“We know that it is very frustrating, and it is also, at times, very scary for individuals who have been let go from work, often times for the first time,” Serna said. “I assure you that we will help everyone that needs help. I know it is hard to hear this, but I ask that you have just a little bit of patience with us.”

Serna said the commission also opted earlier this week to defer any collections until the coronavirus pandemic has passed.

“If you had unemployment insurance benefits from us in the past and somehow you were overpaid and you have a debt to the unemployment insurance system, normally we would deduct that debt from any benefits that you receive until the debt is paid off,” Serna said. “If you have any outstanding debt to the unemployment insurance benefits system and you apply for benefits and receive benefits, we will not be deducting any of those debts until this crisis is passed.”

Room for improvement

While Serna said the TWC was doing everything in its abilities to increase capacity, he added help from the federal government would be necessary to address some of the holes in the current unemployment benefits system.

For instance, Serna said there are no provisions for increasing the 26-week period currently allotted for an individual to receive benefits.

“I know that there’s work being done now in the Senate and in Congress that will go to the president to address, perhaps, some of these issues but as of right now, there are no provisions available to us where we could extend the 26-week provision,” Serna said. “So if your benefits are expiring and you’ve been on, unfortunately, unemployment insurance for the past 26 weeks or near the past 26 weeks, we have no provision at the current time to be able to extend those.”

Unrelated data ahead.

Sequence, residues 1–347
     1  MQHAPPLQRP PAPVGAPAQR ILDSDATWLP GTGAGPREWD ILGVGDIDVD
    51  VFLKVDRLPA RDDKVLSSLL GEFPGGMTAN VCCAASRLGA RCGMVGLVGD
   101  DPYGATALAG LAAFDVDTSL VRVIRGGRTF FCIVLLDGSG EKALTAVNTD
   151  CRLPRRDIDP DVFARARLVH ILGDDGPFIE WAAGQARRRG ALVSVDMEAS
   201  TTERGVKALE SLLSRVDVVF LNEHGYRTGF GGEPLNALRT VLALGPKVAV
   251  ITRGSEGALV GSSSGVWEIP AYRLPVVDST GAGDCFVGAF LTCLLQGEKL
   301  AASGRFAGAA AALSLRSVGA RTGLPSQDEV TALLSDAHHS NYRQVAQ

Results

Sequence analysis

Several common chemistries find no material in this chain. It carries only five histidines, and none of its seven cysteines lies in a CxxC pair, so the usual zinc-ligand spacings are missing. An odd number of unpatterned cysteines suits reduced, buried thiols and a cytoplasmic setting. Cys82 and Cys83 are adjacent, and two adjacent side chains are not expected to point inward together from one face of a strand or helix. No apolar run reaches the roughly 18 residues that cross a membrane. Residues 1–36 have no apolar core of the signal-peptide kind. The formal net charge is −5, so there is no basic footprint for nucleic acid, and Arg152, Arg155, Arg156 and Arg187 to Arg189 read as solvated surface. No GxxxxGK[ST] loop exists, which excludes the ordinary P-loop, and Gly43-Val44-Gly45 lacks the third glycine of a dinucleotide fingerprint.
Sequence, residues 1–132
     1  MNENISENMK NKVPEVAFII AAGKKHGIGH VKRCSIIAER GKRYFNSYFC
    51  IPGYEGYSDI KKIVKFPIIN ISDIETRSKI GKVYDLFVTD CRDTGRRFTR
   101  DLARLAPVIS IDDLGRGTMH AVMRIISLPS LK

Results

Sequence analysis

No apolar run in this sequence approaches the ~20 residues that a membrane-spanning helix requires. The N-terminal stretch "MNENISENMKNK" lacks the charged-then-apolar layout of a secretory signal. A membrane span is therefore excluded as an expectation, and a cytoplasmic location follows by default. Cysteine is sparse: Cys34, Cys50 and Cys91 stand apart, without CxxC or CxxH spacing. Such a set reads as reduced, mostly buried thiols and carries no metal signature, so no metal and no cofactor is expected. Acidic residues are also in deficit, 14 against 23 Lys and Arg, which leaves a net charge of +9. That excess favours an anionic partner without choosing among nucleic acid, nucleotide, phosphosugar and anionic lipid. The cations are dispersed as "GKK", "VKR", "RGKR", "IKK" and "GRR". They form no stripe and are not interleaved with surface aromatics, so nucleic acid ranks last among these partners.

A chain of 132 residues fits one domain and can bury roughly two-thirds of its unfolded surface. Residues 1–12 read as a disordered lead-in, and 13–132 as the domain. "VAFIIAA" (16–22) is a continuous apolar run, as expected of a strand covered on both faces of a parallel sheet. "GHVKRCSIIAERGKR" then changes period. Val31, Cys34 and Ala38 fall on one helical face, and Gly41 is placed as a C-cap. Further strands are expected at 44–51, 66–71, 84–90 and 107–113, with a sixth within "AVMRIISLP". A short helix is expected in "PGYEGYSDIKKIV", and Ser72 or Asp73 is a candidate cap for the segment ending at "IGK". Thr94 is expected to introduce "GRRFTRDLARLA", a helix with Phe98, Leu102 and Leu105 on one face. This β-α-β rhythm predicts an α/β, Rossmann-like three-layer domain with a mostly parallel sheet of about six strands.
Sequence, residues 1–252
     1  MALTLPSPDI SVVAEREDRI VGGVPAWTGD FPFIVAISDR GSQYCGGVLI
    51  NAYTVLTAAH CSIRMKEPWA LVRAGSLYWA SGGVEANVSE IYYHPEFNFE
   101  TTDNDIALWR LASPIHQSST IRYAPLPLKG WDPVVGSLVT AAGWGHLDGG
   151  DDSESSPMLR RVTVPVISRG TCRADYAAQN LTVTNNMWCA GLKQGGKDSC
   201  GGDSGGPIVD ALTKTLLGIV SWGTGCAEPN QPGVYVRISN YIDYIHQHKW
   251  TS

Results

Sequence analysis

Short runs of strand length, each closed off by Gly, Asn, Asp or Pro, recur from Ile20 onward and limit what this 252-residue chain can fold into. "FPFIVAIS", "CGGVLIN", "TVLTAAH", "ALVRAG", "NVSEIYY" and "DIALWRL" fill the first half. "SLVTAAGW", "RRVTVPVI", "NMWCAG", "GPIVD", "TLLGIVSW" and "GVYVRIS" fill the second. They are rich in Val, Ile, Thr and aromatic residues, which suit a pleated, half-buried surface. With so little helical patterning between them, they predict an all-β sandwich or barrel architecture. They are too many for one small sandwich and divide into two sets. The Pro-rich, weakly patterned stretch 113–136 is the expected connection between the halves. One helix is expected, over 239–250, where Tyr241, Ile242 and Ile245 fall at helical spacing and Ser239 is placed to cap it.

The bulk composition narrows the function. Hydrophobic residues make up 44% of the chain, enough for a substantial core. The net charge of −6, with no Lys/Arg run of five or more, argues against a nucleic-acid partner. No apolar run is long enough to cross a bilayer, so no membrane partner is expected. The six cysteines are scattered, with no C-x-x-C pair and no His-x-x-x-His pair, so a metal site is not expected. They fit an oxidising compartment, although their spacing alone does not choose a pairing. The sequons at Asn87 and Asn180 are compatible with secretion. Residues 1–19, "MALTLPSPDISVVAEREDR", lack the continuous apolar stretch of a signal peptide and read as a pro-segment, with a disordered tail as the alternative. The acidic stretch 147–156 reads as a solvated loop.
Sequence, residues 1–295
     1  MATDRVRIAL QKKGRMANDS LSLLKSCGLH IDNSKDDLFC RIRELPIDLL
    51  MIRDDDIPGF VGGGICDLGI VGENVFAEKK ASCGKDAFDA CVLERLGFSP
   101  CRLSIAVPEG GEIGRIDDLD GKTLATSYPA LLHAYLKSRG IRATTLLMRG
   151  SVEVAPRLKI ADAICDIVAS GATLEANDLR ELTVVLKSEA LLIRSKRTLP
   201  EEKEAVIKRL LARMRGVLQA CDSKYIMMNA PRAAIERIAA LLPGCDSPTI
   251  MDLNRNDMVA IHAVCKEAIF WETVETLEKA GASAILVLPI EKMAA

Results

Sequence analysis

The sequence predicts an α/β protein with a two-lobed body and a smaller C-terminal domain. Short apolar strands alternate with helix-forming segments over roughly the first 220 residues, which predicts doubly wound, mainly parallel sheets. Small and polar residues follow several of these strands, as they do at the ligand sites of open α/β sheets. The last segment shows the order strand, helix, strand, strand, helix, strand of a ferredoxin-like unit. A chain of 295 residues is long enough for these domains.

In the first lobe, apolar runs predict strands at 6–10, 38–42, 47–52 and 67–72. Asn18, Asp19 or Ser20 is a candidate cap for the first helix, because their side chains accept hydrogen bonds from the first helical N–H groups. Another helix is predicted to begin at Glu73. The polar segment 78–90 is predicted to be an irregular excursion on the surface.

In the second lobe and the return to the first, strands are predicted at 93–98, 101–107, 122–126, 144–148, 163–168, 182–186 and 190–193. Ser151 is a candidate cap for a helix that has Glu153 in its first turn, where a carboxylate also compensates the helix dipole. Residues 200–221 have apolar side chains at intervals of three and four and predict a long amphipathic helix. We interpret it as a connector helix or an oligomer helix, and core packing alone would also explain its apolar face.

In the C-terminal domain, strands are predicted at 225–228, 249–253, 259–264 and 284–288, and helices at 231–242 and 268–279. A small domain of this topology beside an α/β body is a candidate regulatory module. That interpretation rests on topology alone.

Additionally, while individuals who are self-employed or are contract employees are unable to apply for unemployment insurance benefits at this time, Serna said there are bills at the federal level that could provide assistance for those individuals as well.

As the number of unemployment insurance claims continue to rise, along with the number of positive coronavirus cases statewide, Serna said he was confident every Texan in need of benefits would receive assistance.

“There’s enough funding now, and if necessary, we will seek additional funding from the federal government to ensure that everybody that needs benefits gets benefits,” he said. “That is not one of the things you need to worry about—running out of funding and us not being able to get you funding. There are funds there now, and as we deplete it, we will turn to other sources to make sure that the individuals who need help, get the help that they need.”
By Hannah Zedaker

Editor, Spring/Klein & Lake Houston/Humble/Kingwood

Hannah joined Community Impact Newspaper as a reporter in May 2016 after graduating with a degree in journalism from Sam Houston State University in Huntsville, Texas. In March 2019, she transitioned to editor of the Spring/Klein edition and later became the editor of both the Spring/Klein and Lake Houston/Humble/Kingwood editions in June 2021. Hannah covers education, local government, transportation, business, real estate development and nonprofits in these communities. Prior to CI, Hannah served as associate editor of The Houstonian, interned with Community Impact Newspaper and spent time writing for the Sam Houston State University College of Fine Arts and Mass Communication and The Huntsville Item.